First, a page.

"* * * [T]he appellants' citations tend to support the conclusion that the negligent suppression of material evidence by the Government entitles a defendant to a new trial. In United States v. Heath, D.C.D.Hawaii, 147 F. Supp. 877, appeal dismissed 9 Cir., 260 F.2d 623 where documentary evidence relevant to the charges and necessary for defense was lost by Government agents, the district judge held that the indictment be dismissed. In Napue v. People of State of Illinois, 360 U.S. 264, 79 S. Ct. 1173, 3 L. Ed. 2d 1217, the court cited with approval a statement from People v. Savvides, 1 N.Y.2d 554, 557, 154 N.Y.S.2d 885, 887, 136 N.E.2d 853, 855: `That the district attorney's silence was not the result of guile or a desire to prejudice matters little, for its impact was the same, preventing as it did, a trial that could in any real sense be termed fair.' *167 "The Savvides case has been described as an example of a negligent suppression of evidence. See Comment, 32 N.Y.U.Law Rev. 607, 611. The Napue opinion also cites with approval United States ex rel. Montgomery v. Ragen, D.C.N.D.Ill., 86 F. Supp. 382 where the prosecution was charged with constructive knowledge of a doctor's report favorable to the accused, even though it was not in the State's custody. See also Curran v. State of Delaware, 3 Cir., 259 F.2d 707, 713. Whether the unfairness involved in a conviction under these circumstances, like that involved when evidence is deliberately suppressed, is so fundamental as to amount to a denial of due process of law we do not feel called upon to decide. Compare United States v. Heath, supra, and Curran v. State of Delaware, supra, with Woollomes v. Heinze, 9 Cir., 198 F.2d 577, 579, certiorari denied 340 U.S. 897, 71 S. Ct. 235, 95 L. Ed. 650, and Application of Landeros, D.C.D.N.J., 154 F. Supp. 183. As the Ninth Circuit noted in the course of its opinion dismissing the appeal in Heath, supra, `There is no necessity to reach the verge of a constitutional question.' 260 F.2d at page 629. * * *"

In that same case the following is quoted from United States v. Zborowski (C.A.2d, 1959) 271 F.2d 661, 668:

"The prosecutor must be vigilant to see to it that full disclosure is made at trial of whatever may be in his possession which bears in any material degree on the charge for which a defendant is tried. In the long run it is more important that the government disclose the truth so that justice may be done than that some advantage might accrue to the prosecution toward ensuring a conviction."

While intending to cast no aspersions, we think it in order to direct attention to Canon 5 of the Canons of Professional Ethics applicable in New Mexico (ยง 21-2-1 (3) (2.04) N.M.S.A. 1953) wherein it is stated that "The primary duty of a lawyer engaged in public prosecution is not to convict, but to see that justice is done. The suppression of facts or the secreting of witnesses capable of establishing the innocence of the accused is highly reprehensible." Compare In re Imbler, 60 Cal. 2d 554, 35 Cal. Rptr. 293, 387 P.2d 6; People v. Reed, 27 Cal. App. 2d 484, 81 P.2d 162; State v. Belland, 59 Mont. 540, 197 P. 841; 60 Colum.L.Rev. 858.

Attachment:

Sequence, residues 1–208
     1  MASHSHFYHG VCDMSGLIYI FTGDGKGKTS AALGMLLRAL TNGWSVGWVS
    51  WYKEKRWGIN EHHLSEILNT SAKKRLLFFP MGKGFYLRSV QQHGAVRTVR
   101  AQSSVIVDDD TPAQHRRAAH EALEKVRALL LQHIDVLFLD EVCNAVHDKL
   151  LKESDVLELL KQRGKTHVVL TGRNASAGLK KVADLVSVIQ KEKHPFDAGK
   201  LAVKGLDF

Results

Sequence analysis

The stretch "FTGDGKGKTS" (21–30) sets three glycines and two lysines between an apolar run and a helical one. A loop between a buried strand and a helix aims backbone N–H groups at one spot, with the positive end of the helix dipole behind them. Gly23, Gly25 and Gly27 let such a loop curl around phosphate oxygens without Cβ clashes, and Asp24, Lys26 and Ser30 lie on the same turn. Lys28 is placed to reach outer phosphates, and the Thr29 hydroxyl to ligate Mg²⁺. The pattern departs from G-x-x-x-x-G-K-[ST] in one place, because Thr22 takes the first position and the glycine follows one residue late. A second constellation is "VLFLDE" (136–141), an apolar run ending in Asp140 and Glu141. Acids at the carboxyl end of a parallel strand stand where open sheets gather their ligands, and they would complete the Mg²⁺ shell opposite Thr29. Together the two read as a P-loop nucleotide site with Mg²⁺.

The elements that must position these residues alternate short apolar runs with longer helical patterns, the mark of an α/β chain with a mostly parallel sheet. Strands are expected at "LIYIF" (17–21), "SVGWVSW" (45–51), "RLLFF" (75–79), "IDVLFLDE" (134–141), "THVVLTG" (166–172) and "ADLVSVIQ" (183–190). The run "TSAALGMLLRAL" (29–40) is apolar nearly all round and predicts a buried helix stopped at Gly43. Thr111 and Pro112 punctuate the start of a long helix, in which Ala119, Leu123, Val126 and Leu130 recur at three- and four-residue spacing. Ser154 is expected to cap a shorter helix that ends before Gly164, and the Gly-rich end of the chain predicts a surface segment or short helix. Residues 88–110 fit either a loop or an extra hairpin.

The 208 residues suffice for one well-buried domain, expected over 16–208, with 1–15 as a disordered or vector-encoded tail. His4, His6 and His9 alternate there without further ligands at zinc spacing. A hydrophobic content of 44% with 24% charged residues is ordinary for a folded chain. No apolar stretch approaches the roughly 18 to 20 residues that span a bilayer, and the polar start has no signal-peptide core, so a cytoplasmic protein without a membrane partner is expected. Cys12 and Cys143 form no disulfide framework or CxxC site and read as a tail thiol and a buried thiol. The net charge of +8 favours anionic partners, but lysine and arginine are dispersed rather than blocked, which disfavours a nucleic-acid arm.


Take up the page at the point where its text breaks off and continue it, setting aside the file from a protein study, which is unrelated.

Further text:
Because of our disposition of the point discussed above it is not necessary for us to consider or discuss defendant's additional points, each of which presents interesting and perplexing problems. However, it yet remains for us to make disposition of the present case. In doing so we would call attention to United States v. Heath, (D.C. Hawaii, 1957) 147 F. Supp. 877, appeal dismissed, 9 Cir., 260 F.2d 623. That was a prosecution for income tax evasion. Certain of defendant's books, papers and records had been delivered by him and his accountant to Internal Revenue Service agents. Some of these assertedly contained corrections on them in defendant's handwriting, but when a motion for discovery and inspection of the records was filed, they could not be produced. The court concluded "that the existence of documentary evidence of the corrections is relevant to the charges in the indictment and necessary for the preparation of the defense; that the defendant would be unable to prove the existence of errors in the books without a production of his records which evidence could have a direct bearing on the question of his intent;" and that defendant's constitutional rights would be denied in requiring him to go to trial without this evidence; and that the evidence being lost and unavailable, the indictment should be dismissed.

How similar the situation is here. The presence and existence of the letter and tape recording in order to prove or substantiate defendant's version of the reason for the argument between decedent and himself and to support his claim of self-defense would seem to be too apparent for argument. *168 While in no sense intending to announce a rule to be applied in every case of lost or misplaced exculpatory evidence, under the facts here present, since neither the letter nor the tapes were available at the trial, we have no alternative but to reverse and remand the cause.

We would add a word to the effect that this is not a case where it can be asserted that the rights of the prisoner are being considered to the exclusion of the rights of the public. Rather, it is to our minds an application of long recognized safeguards of our federal and state constitution necessary to protect a person charged with a crime from excesses which might be practiced in the name of justice by police and prosecuting officers to hinder an accused in the effective presentation of his defense. Out of such abuses dictatorships spring.

We would here quote from People v. Reed, supra:

"While peace officers and officials connected with detection and prosecution of crime should be diligent in ferreting out and prosecuting the guilty they should be fair with an accused. Evidence pointing to his innocence should not be suppressed. For a guilty man to escape punishment is a miscarriage of justice, but for an innocent man to be convicted is unthinkable."

The cause is reversed and remanded with instructions to set aside the sentence and proceed in a manner consistent herewith.

It is so ordered.